Arizona Crop Information Site logo
University of Arizona
Vegetable IPM Updates Archive
Cooperative Extension
Prefar (Bensulide) Needs Lots of Water (Feb. 20, 2013)

Prefar was developed by Stauffer and first registered for lettuce in 1968. It was acquired by Zeneca(ICI) in 1992 and sold to Gowan in 1996. It is one of the few organophosphates that are used as a herbicide. It is also one of the few remaining EC formulations and is registered for unusually large application rates as high as 9 quarts per acre. It has changed little over the years but our understanding on how to most effectively use it has increased. Prefar works by inhibiting cell division at the growing points of the roots and does not translocate or move upward into the rest of the plant. It only works on seeds that have germinated and keeps them from developing a root system. It will only be effective if the roots contact the herbicide soon after they have started to grow. It must be incorporated into the top inch or two of soil. The only way to incorporate soil applied herbicides is mechanically or with water. Mechanical incorporation appears to dilute this herbicide too much and it does not work well when this method is used. Incorporation with water maintains a more concentrated layer of herbicide where the weed seeds are germinating. Unlike Pronamide(Kerb), which leaches with water, Prefar sticks very tightly to fine textured soils and requires high volumes of water for incorporation. This is not as critical on sandy or course textured soils. Furrow and drip irrigation do not push Prefar down into the soil and do not work well for incorporation. High volumes of water applied by sprinkler irrigation is what works best.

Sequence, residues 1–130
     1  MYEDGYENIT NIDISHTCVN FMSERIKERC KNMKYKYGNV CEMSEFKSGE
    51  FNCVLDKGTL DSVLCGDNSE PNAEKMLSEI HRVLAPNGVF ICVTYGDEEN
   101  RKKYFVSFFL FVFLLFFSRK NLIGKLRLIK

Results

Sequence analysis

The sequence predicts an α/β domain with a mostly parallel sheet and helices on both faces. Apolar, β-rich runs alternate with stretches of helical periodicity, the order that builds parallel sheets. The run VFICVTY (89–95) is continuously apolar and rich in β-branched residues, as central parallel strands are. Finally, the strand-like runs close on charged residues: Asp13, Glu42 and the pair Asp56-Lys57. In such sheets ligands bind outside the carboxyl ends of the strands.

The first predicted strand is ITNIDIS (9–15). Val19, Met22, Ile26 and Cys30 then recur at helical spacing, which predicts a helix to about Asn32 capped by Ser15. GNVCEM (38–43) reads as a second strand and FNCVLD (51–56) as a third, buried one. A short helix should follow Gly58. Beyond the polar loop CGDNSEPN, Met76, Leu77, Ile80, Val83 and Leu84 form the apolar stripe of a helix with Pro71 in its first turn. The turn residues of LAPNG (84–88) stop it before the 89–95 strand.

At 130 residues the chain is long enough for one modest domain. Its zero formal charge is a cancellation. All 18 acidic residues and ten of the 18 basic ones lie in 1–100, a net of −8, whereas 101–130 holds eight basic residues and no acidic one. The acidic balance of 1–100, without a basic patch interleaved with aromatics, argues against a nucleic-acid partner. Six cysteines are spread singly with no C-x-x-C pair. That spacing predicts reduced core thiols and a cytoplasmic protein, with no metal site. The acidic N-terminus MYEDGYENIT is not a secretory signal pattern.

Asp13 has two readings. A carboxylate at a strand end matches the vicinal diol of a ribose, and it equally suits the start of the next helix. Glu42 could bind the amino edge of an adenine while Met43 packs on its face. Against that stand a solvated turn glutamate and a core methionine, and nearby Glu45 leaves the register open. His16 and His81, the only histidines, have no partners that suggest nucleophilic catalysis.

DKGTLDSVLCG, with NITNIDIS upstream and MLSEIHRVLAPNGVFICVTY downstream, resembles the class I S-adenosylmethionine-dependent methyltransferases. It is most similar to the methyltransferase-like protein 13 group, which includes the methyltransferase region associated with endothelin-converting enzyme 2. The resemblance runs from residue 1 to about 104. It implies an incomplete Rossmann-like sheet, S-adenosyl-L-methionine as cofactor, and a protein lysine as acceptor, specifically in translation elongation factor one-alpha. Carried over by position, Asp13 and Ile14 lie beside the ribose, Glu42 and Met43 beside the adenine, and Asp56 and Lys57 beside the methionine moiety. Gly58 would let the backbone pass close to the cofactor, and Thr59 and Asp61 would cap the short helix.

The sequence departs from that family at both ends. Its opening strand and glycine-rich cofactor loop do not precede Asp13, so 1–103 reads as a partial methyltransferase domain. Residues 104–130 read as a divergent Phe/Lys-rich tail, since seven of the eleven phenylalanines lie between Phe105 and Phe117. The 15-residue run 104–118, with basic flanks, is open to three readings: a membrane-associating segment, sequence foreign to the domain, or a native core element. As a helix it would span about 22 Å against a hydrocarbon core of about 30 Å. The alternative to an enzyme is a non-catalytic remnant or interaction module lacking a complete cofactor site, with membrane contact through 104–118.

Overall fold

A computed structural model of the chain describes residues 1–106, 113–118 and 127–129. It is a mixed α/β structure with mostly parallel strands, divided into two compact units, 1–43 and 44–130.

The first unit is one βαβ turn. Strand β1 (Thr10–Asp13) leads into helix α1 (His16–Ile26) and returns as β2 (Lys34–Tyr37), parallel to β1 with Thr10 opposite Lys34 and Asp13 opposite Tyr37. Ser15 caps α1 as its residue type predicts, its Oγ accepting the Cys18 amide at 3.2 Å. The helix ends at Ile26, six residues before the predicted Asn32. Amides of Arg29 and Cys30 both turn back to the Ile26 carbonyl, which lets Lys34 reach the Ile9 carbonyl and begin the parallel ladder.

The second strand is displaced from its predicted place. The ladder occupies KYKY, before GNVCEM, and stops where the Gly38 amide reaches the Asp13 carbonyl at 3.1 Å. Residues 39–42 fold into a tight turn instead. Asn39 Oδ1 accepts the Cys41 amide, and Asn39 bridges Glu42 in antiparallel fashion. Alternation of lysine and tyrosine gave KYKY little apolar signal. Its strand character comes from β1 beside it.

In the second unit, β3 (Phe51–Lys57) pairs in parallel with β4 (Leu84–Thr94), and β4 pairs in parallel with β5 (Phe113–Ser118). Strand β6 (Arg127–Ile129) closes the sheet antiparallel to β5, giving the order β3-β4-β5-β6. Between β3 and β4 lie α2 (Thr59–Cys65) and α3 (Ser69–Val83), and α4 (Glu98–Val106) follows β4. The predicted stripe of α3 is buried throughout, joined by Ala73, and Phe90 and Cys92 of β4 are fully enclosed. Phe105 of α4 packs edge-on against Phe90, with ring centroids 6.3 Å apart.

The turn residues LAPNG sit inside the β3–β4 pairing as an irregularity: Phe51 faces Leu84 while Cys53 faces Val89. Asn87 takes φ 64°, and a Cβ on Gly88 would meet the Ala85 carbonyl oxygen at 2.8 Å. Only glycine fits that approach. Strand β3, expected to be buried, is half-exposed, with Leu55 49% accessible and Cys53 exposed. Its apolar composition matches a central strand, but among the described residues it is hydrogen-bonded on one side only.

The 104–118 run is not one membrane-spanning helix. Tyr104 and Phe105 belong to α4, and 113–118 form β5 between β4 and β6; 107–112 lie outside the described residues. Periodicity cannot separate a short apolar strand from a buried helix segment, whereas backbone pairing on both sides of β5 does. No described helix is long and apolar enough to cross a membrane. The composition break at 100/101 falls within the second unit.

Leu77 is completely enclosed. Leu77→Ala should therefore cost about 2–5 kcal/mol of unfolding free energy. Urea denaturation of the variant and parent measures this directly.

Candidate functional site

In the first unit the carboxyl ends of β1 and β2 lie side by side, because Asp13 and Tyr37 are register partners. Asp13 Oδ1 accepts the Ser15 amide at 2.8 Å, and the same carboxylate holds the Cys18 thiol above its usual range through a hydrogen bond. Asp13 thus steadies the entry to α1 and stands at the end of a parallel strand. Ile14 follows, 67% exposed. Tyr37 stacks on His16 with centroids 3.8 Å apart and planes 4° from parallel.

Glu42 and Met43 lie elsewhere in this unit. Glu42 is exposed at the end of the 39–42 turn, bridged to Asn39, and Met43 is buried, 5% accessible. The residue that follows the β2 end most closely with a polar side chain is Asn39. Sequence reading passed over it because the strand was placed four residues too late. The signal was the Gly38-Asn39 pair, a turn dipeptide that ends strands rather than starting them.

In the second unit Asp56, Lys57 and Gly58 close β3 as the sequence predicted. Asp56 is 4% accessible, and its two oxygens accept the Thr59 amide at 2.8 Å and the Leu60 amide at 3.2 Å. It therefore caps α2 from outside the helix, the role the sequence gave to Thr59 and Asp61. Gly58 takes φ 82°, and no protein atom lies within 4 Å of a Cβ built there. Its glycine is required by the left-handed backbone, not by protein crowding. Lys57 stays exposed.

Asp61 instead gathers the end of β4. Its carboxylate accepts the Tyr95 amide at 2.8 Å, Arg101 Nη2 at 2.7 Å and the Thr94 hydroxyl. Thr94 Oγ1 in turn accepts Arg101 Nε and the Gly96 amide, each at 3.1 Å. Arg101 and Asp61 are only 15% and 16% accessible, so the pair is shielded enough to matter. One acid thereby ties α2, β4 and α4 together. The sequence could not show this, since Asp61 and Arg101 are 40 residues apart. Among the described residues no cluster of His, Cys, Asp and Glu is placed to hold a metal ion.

Click picture to listen to Barry video link

To contact Barry Tickes go to:


For questions or comments on any of the topics please contact Marco Pena at the Yuma Agricultural Center.
College of Agriculture, The University of Arizona, Tucson, AZ.

Home | Cotton | Veggies | Forages | Grains | Citrus | Crop x Crop
Insects | Diseases| Weeds | Pesticides | Economics | News | Weather | Research | Photos | Contacts | General Info.

Copyright © 2001 University of Arizona,
College of Agriculture and Life Sciences
Webmaster: Al Fournier (